Interventions: Three randomly ordered slightly different 140 character or less messages, each containing a short URL to the freely accessible summary page sent on specific times on one single day. This was compared with no messaging.

Outcome: The primary outcome was web page visits at 1 week. Secondary outcomes were other metrics of web activity at 1 week.

Results: 85 reviews were randomised to each of the intervention and control arms. Google Analytics allowed 100% follow-up within 1 week of completion. Intervention and control reviews received a total of 1162 and 449 visits, respectively (IRR 2.7, 95% CI 2.2 to 3.3). Fewer intervention reviews had single page only visits (16% vs 31%, OR 0.41, 0.19 to 0.88) and users spent more time viewing intervention reviews (geometric mean 76 vs 31 s, ratio 2.5, 1.3 to 4.6). Other secondary metrics of web activity all showed strong evidence in favour of the intervention.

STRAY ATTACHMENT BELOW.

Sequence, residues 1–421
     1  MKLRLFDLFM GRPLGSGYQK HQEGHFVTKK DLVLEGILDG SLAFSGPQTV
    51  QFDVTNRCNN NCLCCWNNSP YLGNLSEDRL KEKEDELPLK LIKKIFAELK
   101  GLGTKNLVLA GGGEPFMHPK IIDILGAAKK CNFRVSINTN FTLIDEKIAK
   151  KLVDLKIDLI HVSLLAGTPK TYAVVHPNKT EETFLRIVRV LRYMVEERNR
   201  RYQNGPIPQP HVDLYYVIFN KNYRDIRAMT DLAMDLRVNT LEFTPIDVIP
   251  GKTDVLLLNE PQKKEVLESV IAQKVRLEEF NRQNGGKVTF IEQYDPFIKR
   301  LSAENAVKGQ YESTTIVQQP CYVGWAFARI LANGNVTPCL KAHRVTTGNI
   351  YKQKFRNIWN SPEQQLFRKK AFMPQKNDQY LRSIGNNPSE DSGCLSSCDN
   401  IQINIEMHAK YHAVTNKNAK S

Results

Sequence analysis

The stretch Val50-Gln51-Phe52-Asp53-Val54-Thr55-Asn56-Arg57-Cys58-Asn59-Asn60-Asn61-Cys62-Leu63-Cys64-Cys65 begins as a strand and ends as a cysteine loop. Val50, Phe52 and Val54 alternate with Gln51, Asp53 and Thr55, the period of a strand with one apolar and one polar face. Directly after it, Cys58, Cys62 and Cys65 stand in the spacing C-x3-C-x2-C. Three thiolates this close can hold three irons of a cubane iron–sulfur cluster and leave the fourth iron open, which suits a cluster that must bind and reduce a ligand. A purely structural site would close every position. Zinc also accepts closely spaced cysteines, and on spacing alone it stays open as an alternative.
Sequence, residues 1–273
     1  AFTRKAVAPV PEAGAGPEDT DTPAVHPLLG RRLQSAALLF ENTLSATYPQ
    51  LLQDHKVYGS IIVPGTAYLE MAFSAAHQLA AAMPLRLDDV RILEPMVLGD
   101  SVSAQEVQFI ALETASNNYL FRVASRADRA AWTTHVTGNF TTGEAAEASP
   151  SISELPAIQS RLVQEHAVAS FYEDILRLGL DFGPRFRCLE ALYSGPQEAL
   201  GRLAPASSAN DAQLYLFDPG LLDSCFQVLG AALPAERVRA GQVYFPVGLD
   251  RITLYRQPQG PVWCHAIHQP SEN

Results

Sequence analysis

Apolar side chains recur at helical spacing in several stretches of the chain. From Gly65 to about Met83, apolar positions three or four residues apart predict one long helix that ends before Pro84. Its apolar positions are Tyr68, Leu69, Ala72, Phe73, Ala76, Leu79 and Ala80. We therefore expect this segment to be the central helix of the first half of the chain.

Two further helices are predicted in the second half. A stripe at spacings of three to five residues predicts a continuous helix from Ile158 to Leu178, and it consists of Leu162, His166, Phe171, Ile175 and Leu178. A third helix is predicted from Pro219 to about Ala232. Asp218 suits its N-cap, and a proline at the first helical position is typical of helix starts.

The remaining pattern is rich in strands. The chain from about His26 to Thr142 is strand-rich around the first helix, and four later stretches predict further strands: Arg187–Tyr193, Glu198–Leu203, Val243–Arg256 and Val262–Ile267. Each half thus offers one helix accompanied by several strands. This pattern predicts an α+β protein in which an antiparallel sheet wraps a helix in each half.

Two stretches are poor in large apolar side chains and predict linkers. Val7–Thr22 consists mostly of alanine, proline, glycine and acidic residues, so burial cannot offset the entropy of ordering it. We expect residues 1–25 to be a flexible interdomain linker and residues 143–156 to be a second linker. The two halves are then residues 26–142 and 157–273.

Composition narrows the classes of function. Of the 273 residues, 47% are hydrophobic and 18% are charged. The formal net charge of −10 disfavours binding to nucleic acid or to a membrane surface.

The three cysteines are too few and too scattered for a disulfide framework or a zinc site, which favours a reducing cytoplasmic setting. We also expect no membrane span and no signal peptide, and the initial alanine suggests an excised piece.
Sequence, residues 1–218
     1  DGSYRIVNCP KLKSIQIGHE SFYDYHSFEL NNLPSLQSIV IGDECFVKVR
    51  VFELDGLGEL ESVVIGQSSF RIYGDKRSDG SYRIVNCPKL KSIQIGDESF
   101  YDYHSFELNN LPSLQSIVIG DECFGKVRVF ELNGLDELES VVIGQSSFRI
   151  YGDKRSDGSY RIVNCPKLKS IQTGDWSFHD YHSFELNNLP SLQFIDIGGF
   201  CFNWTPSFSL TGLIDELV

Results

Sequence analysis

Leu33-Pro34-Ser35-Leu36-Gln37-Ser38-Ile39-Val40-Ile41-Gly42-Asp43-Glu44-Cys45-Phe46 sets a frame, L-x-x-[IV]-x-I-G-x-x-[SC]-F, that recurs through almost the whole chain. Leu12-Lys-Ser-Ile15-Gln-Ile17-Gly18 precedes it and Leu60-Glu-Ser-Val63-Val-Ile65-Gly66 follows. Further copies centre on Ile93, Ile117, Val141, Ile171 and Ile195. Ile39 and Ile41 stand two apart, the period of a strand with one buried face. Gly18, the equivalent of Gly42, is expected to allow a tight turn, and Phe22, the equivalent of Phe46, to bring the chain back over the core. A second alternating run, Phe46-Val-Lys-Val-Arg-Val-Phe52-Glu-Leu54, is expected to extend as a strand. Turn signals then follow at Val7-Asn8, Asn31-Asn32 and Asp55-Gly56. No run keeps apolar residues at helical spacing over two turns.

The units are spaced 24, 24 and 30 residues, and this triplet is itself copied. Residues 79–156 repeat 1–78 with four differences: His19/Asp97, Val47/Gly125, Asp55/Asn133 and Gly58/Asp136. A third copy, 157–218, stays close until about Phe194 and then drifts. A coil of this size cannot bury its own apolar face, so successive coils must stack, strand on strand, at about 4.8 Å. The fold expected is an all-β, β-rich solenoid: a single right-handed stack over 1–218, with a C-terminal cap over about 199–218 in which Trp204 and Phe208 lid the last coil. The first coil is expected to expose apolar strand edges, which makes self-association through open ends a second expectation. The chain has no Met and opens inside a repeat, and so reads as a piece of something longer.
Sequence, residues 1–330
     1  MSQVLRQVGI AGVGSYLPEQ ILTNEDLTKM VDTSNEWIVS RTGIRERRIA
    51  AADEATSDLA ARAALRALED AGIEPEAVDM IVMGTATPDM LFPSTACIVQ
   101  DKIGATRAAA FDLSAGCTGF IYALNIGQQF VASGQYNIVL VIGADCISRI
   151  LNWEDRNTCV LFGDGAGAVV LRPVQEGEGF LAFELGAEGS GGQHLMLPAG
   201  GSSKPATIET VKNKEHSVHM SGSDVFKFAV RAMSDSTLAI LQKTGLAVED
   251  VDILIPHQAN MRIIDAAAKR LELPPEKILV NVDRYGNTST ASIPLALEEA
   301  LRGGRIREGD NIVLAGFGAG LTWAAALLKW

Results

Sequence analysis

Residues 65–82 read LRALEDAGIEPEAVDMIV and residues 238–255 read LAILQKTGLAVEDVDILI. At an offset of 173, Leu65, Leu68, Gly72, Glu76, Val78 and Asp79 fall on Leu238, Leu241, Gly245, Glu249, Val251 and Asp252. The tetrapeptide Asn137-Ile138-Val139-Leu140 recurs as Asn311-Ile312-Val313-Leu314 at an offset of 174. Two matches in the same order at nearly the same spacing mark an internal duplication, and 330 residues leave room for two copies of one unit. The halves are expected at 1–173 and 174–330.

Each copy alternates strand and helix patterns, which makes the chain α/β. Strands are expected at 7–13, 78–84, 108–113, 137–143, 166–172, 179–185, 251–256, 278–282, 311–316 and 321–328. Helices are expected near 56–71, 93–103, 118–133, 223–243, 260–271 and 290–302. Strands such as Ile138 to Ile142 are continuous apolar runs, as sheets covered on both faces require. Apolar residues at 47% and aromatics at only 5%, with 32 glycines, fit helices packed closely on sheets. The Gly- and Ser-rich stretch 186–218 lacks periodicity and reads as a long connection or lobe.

Conclusions: Tweeting in this limited area of healthcare increases ‘product placement’ of evidence with the potential for that to influence care.

Read the full article here

New Information About the Benefits of Drinking Water Compared With Sugar-Sweetened Beverages

Megan A. Moreno. JAMA Pediatrics. 2016;170(3):304.

Water is essential for human life. It prevents dehydration and is an important source of a nutritious diet. Research scientists have been studying how drinking water compared with sugar-sweetened beverages, such as soda or juice, affects children’s health.